They tour very well. They're not the lightest touring ski but I'm 200 lbs and don't mind some heft for stability on the downhill. I mounted Marker F12 Tour bindings however to add some lightness.
In fresh powder they have great float and are much easier to turn then my 2x4'esque B94's. However, it was in the resort where I was really surprised. On the super steeps on the Fingers Chutes at Snowbasin, they were solid. They were confidence inspiring. They plowed through the chopped up powder below the chutes with ease and laid down trenches on the groomed runs back to the lift. Awesome, awesome skis! Hit me up directly with questions or if you'd like to place an order. firstname.lastname@example.org 801-389-7247
- Familiarity: I've put it through the wringer
I love my BD Boundaries. They are light yet really stable at high speeds. I purchased these for an AT setup specifically for use on deeper snow days and skiing variable terrain in Colorado. They handle pow, cut through crud and are powerful enough to cut through ice crusts as well.
- Familiarity: I've used it several times
Neither stiff nor very soft, a great in-between ski for all types of conditions. Plenty of float for the deep days and still rips the groomers. For people dedicated to touring, I would not recommend this ski. For those looking for a perfect powder ski, I would recommend the 115.
bought these as a gift but they look coo
- Familiarity: I gave it as a gift but have feedback to share
solid graphics and the receiver of this gift had only good things to say.
Recommended Sizing Guide
Your ski size is largely determined by both your skiing ability and your preferred style of skiing. For example, an expert skier in Vermont will ski a far different ski than an expert in British Columbia. So take a look at our chart and explanations and find your perfect fit. Your weight also plays a large factor in finding the right ski. If you are either under or over average weight for your height consider downsizing or upsizing, respectively.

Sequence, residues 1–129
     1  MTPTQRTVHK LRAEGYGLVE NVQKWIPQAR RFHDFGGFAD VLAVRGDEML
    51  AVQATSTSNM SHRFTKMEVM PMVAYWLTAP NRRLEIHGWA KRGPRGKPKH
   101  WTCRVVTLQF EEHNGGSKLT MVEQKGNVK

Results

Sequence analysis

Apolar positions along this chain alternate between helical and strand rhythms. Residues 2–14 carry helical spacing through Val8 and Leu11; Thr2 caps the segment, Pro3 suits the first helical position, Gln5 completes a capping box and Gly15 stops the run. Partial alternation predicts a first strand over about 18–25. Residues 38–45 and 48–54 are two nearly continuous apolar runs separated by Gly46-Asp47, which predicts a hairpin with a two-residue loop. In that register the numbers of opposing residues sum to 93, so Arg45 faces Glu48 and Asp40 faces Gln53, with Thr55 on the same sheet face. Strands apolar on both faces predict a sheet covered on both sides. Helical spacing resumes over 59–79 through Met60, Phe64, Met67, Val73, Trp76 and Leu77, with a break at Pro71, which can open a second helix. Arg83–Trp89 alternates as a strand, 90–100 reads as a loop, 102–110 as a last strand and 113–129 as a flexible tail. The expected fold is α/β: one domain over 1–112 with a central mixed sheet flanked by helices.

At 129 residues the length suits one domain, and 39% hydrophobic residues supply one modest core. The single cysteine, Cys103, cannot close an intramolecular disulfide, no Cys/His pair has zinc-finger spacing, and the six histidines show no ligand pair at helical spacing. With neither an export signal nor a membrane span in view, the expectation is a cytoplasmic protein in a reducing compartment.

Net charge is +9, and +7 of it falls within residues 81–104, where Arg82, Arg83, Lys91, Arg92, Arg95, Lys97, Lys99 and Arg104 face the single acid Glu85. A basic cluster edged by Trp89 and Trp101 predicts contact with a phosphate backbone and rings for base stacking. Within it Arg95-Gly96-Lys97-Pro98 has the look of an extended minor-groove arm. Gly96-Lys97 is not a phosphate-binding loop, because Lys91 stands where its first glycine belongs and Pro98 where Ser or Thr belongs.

|Big-Mountain Freeride||Backcountry Jib||All-Mountain||Park & Pipe||All-Mountain Carve|
|Pro||180 - 200cm||180 - 190cm||180 - 190cm||175 - 185cm||175 - 185cm|
|Expert||170 - 180cm||175 - 185cm||170 - 180cm||160 - 180cm||170 - 185cm|
|Intermediate||160 - 180cm||160 - 180cm||160 - 180cm||160 - 180cm||160 - 175cm|
|Entry Level||N/A||N/A||150 - 170cm||150 - 170cm||150 - 170cm|
SKILL LEVEL EXPLANATIONS
Pro: Excels on any terrain, on any snow condition. Enjoys high speeds.
Expert: Comfortable on any terrain and most snow conditions.
Intermediate: Comfortable on Blue trails, exploring Black trails.
Entry Level: Learning to ski Green and Blue trails.
SKIING STYLE EXPLANATIONS
Big-Mountain Freeride: High speeds, deep powder, steep lines, straightlining, chutes, cliffs.
Backcountry Jib: Backcountry kickers, hucking, twintips, deep powder.
All-Mountain: From bumps to back bowls, groomers to glades; everything and anywhere on the mountain.
Park & Pipe: De-tuned edges and buttery twin tips, occasionally pole-impaired.
All-Mountain Carve: Stiff. High-speed corduroy cutter. For those blind to SLOW signs.